|Publication number||US5954687 A|
|Application number||US 08/430,781|
|Publication date||Sep 21, 1999|
|Filing date||Apr 28, 1995|
|Priority date||Apr 28, 1995|
|Also published as||CA2218986A1, DE69632819D1, DE69632819T2, DE69636682D1, DE69636682T2, EP0822844A1, EP0822844B1, EP1426074A1, EP1426074B1, WO1996033766A1|
|Publication number||08430781, 430781, US 5954687 A, US 5954687A, US-A-5954687, US5954687 A, US5954687A|
|Inventors||Michael D. Baudino|
|Original Assignee||Medtronic, Inc.|
|Export Citation||BiBTeX, EndNote, RefMan|
|Patent Citations (7), Referenced by (113), Classifications (22), Legal Events (4)|
|External Links: USPTO, USPTO Assignment, Espacenet|
The present invention relates generally to methods and apparatus for providing a low profile access port establishing fluid communication with the brain, such as for the administration of drugs or other liquids to specific locations within the body; and further relates to brain infusion procedures, such as, for example, supplying pharmaceutical agents such as peptides, polypeptides, proteins, glycoproteins, lipoproteins, oligonucleotides, oligonucleosides, hormonal agents, and/or other biologically derived trophic agents to the lateral ventricle of the brain. Although this particular application is the one described in detail herein, it should be understood that the invention is not necessarily so limited.
Physicians today often use a catheter placed to extend to a selected location within a patient's brain for both the administration of fluids and the receiving of fluids. Using conventional apparatus to deliver pharmaceutical agents to a catheter for delivery to a specific location within the brain, however, has significant drawbacks. For example, the catheter will typically extend outwardly from the burr hole. Where only periodic administration of fluids are necessary, the extending catheter presents an unnecessary encumbrance. It would be desirable to remove this encumbrance.
Accordingly, the present invention provides a new method and apparatus for establishing fluid communication through a catheter to a selected point within a patient's brain, which maybe selectively accessed to inject fluid into, or withdraw fluid from, the brain through the catheter.
As explained in more detail below, the present invention overcomes the above-noted and other shortcomings of prior devices and methods for facilitating the infusion of drugs to the brain. Three separate exemplary embodiments of the present invention are described herein.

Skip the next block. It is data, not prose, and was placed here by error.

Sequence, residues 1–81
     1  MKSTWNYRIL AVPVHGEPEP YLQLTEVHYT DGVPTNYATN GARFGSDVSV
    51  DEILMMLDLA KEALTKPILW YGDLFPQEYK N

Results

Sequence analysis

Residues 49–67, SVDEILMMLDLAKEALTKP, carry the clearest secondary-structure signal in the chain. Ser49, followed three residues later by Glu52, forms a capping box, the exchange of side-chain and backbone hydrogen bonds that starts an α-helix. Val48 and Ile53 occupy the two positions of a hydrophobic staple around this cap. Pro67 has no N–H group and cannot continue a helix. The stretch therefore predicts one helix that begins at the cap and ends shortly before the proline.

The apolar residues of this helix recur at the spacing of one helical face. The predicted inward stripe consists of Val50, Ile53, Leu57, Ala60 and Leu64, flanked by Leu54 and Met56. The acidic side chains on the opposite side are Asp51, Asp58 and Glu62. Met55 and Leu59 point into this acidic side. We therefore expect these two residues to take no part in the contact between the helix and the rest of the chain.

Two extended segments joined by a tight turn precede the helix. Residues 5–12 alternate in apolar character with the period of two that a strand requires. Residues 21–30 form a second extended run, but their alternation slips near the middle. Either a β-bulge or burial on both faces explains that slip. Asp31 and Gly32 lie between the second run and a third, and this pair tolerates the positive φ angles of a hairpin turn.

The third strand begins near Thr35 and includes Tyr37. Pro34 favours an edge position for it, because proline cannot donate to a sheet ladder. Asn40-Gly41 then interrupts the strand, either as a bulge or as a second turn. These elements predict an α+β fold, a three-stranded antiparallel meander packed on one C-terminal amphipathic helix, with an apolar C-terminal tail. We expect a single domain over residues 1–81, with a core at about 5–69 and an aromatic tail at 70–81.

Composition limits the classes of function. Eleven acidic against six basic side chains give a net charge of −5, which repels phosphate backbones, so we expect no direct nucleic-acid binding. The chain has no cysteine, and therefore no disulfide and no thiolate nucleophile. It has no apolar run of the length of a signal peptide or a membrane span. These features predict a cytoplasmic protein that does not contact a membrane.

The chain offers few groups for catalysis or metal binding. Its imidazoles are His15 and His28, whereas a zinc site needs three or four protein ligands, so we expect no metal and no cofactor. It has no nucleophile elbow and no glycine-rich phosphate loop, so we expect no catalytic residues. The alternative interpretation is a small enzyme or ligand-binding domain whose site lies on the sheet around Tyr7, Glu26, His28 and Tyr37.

The first exemplary embodiment generally comprises a burr hole ring modified to act as a catheter access port. The device may be integrally attached to a catheter of a length sufficient for delivering drugs to a desired location within the skull, or may be attached following catheter placement. Preferably, in accordance with the present invention, a catheter integrally attached to a modified burr hole ring assembly is inserted to a desired depth and placement within the brain, typically being placed with the use of a stylet (a thin, solid wire or similar relatively non-flexible member) inserted through the catheter access port and into the catheter to maintain its rigidity. Once the catheter is placed, the stylet is withdrawn and the modified burr ring or cap assembly is secured within the burr hole in the skull. Securing the cap assembly may be accomplished with screws inserted through the assembly and into the skull. More preferably, though, the modified burr ring assembly is adapted with threads or ridges for engaging the skull at the burr hole. A septum positioned on top of the burr ring or cap assembly isolates the interior of the catheter access port to help prevent contamination of fluids within the assembly. A needle fixed to an appropriate device may be used to penetrate the septum as desired to either withdraw or inject fluid. In accordance with the present invention, filtration of injected fluids also may be accomplished. Preferably, filtration is achieved by a filter member that is bacterial retentive so as to prevent contamination of the cerebral spinal fluid. The cap assembly may be adapted so that there is a filtering layer above the central tube which permits direct fluid communication between the interior of the catheter and the interior of the cap assembly. Above the filtering layer is positioned a needle stop, so that the injection or withdrawal of fluid is accomplished by the needle penetrating the septum until it hits the needle stop material. Any injected fluid then passes through the filter, central tube and catheter to the desired location within the patient's body.